You’ve probably heard it or read it on the internet – “religion is evil and causes wars, killing, terrorism, etc”. For example, this atheist is quite certain: “we see religion regularly used for war, mass murder, terrorism, and even genocide”
So I decided to see if there were any historical studies on the matter. Here is what I found.
Historical and modern studies
I found several books and internet reports on the causes of war, but one study stood out from the others in the depth of its analysis and the impartiality and expertise of the researchers – the Centre for Peace Studies at Bradford University in the UK. In 2003 the Centre was asked by the BBC to research this question, and the report, God and War: an Audit & an Exploration, can be downloaded.
Several other internet pages and textbooks gave a range of views that tended to reinforce the conclusions of the Bradford university study.
- The claim that religion causes war is not supported by the historical or contemporary evidence. Very few wars (about 10% of the 70+ wars assessed) have a significant religious cause, and most have significant other causes.
- Religion has been assciated with war in some time periods (e.g. in the Middle Ages) when it was allied with powerful governments, but both early and modern christianity have tended to be promotors of peace.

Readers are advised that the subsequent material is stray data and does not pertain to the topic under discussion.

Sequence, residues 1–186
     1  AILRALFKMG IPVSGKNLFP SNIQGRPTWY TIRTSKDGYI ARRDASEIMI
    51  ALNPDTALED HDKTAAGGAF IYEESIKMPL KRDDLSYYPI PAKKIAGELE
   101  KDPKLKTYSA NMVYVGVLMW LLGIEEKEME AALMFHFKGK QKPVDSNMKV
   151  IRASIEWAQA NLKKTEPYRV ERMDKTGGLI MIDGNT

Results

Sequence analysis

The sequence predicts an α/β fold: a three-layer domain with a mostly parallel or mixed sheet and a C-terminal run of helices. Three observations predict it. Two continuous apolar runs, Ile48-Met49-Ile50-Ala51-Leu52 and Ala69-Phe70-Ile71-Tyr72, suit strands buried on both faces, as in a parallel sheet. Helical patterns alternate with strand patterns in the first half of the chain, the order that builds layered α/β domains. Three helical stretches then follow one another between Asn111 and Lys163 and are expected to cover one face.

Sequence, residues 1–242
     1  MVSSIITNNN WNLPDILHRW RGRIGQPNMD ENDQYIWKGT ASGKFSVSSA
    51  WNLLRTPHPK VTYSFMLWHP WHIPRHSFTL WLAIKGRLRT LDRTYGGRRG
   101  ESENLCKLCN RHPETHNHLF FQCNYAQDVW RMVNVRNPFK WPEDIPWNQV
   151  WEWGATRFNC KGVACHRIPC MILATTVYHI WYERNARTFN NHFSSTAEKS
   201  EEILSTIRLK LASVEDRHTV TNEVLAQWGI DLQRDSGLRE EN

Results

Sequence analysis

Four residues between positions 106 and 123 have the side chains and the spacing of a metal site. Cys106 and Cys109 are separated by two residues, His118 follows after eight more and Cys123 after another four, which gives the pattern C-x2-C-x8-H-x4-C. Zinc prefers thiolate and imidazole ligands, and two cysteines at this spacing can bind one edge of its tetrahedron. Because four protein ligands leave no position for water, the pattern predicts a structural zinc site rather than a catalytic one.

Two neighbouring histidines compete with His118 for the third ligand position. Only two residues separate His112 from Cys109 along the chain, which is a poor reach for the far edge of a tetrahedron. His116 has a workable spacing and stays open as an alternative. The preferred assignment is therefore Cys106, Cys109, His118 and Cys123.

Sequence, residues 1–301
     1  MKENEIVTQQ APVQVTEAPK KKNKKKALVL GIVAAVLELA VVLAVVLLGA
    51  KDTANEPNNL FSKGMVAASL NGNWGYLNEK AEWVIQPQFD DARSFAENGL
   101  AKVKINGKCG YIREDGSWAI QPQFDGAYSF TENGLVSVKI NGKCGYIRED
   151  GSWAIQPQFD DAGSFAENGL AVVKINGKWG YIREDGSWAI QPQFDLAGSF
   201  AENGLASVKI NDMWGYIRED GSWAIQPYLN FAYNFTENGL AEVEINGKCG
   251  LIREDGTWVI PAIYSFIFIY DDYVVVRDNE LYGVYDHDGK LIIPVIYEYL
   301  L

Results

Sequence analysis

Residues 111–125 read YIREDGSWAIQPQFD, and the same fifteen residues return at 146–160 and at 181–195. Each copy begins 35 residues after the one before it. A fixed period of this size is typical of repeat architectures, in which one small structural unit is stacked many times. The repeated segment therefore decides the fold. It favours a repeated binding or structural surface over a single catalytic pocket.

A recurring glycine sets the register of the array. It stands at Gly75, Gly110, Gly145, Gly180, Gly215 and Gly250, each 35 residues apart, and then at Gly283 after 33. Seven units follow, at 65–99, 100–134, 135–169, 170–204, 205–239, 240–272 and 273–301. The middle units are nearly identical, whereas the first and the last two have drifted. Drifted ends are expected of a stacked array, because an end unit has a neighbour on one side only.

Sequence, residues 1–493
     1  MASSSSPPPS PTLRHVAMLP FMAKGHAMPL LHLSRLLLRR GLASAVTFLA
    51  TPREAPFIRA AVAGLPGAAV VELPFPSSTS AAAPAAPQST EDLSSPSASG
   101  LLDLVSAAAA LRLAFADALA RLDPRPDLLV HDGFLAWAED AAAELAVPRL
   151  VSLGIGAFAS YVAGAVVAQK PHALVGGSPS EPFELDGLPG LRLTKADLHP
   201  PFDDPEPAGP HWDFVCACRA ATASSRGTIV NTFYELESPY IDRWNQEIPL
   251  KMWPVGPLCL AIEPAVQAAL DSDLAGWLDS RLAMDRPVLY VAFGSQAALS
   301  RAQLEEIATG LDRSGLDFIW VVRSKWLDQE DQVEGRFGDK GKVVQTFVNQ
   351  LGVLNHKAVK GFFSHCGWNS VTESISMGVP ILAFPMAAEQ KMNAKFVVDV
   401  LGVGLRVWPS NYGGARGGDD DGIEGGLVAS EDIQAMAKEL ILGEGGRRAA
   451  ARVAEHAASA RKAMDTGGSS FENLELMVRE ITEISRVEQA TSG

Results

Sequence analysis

- Atheism has been associated with more killing in war than religion, and is most dangerous when associated with a totalitarian state.
- Thus religion, or non-religious ’causes’ such as atheism, communism, nationalism, etc, can be used to sanction violence and war, and are at their most dangerous when combined with authoritarian or aggressive governments.
Read a more detailed summary of the studies, and check out all the references, at Does religion cause wars?. Read about how experts have concluded that modern terrorism is also generally caused by factors other than religion, at Does religion cause terrorism?
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This part from “Does religion cause wars” in the Clues section surprised me:
“◦The 20th century war with the greatest religious motivation (as stated by US president George W Bush) was the second Gulf War when the US and allies invaded Iraq.”
I was under the impression that the war was about the alleged presence of weapons of mass destruction?
That was the assessment of the Uni of Bradford team that I was referencing, baased on their criteria and a number f quotes from George Bush.
And I think I would agree. Bush was reported as saying God told him to invade Iraq, although this was later denied by the White House. But there were certainly still religious overtones to Bush’s rhetoric and many mentions of God.
I don’t see why the war couldn’t have had both religious and secular justifications – a cynic might even say that Bush was selected as President because of his simple bonhomie and faith, which could be exploited by more devious people in the government.
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